Clean Up Australianism
We're all screwed. Maybe it's the smell of oil and petrol that's always in the air. Maybe it's the plastic and Styrofoam that blows around my neighborhood on a windy day. I live in a middle class suburb in a low-density city in a modern, comfortable society. If this is what Adelaide - population 1 million - is like, how am I supposed to have confidence in the future of humanity?
The shiny sheen of the world wears thin sometimes, and I catch glimpses of reality. Like, there's 8 Billion people on the planet now, that's over 6 Billion more than there were this time last century. There are enormous plastic deposits floating out in the oceans. Pacific Islands are shrinking. Supermarkets don't buy odd-shaped fruit and vegetables, and emissions are warming the planet. Trash is piling up everywhere.
Yawn! I get it, everyone knows this stuff. We hear it all the time. I'm as poignant as a 14 year old. A hypocrite, typing this on coal-fired internet.
Except, this dismissive response is the exact reason we are all screwed. Human brains don't think long term, definitely not in the timescale it takes for most plastics to break down. The instinctive response to fear is not limited to fight or flight. For a lot of people it's actually freeze (do nothing) or friend (avoid conflict). We are programmed for inaction. It helps in a lot of basic use cases, but we've developed beyond a lot of those. We're mentally capable of sitting and watching TV for hours while this happens around us.
It’s not all tragic. We can use that same psychology to help our planet. Social cues have been shown to motivate changes in behavior better than abstract fear forecasting. Warnings about rising average temperatures make us feel bad, but an LCD sign on every street that indicates what percentage of residents managed to provide uncontaminated recycling would have a real effect. On a simpler level we can lead by example, and hope if enough people show their actions it might influence others. Bradism.com separates its recyclables, has meat free days, uses public transport. I sometimes pick up rubbish that I see on the ground; hand sanitizer exists. It's a small inconvenience, in terms of trying to save the world.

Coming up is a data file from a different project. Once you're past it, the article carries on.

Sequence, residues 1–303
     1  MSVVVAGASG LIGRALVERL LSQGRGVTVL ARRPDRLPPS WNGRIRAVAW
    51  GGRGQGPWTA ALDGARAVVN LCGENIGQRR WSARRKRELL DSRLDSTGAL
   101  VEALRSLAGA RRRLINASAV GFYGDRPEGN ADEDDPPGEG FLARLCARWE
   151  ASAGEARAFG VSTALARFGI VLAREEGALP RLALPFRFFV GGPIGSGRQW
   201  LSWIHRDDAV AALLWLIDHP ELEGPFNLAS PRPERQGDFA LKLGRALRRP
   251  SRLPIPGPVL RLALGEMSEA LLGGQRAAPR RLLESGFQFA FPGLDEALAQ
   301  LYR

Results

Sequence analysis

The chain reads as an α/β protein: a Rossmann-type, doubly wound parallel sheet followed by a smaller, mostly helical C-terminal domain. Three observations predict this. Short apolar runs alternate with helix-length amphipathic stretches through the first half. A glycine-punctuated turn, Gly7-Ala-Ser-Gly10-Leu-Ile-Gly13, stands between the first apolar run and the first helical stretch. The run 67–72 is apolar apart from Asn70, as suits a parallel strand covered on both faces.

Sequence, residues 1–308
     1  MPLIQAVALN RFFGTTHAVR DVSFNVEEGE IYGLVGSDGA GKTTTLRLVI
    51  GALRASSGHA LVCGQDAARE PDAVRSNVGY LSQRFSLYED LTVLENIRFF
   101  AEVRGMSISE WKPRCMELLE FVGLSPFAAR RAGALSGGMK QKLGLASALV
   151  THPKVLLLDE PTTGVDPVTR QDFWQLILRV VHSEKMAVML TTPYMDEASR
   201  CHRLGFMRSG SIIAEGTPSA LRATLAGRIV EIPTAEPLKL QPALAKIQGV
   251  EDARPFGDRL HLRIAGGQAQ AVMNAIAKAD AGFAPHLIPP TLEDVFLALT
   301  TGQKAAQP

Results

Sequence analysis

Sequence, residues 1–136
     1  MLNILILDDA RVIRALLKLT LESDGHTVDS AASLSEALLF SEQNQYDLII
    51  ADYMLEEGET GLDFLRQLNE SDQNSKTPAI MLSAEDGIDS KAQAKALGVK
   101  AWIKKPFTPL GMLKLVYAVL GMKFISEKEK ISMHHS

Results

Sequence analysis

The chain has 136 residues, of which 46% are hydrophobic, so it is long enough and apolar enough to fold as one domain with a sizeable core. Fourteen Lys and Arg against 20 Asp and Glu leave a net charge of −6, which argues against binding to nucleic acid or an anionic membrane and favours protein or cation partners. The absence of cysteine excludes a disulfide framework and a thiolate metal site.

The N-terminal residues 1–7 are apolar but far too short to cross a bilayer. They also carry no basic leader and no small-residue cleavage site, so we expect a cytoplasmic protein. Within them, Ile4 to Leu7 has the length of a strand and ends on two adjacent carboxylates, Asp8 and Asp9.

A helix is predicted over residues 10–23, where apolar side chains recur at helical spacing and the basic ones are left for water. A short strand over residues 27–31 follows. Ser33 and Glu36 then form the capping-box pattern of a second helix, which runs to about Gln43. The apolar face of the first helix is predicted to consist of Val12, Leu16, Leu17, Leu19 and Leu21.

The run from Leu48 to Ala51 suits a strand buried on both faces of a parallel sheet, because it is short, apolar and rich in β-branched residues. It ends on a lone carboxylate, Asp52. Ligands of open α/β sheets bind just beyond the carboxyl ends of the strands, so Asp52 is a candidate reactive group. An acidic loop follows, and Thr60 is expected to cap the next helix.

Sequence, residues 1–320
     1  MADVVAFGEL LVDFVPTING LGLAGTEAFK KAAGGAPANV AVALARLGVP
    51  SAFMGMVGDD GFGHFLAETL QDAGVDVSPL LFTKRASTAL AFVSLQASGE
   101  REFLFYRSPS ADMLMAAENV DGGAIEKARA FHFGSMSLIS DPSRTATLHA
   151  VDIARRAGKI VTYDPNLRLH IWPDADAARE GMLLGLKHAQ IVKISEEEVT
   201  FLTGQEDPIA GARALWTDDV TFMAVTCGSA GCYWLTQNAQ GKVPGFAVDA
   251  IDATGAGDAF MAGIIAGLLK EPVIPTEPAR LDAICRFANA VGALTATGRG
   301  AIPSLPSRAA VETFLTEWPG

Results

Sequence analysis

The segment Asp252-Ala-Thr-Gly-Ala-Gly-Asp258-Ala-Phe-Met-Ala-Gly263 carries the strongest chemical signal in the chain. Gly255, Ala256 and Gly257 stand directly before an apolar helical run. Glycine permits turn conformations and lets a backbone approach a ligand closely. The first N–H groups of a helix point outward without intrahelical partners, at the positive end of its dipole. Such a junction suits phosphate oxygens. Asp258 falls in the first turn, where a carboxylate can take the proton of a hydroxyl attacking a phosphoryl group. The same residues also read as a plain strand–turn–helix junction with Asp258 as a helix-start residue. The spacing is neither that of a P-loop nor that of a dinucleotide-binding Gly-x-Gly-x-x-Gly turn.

And then, when we're all living in harmony with nature, we'll die from an undetectable outbreak of listeria covered Rockmelons.
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The woman with the fake tan stepped into my office, sat across from my desk and lit a cigarette.
At least, she would, sometime in the next 20 minutes. Smelling the future has advantages, but precision isn’t one of them.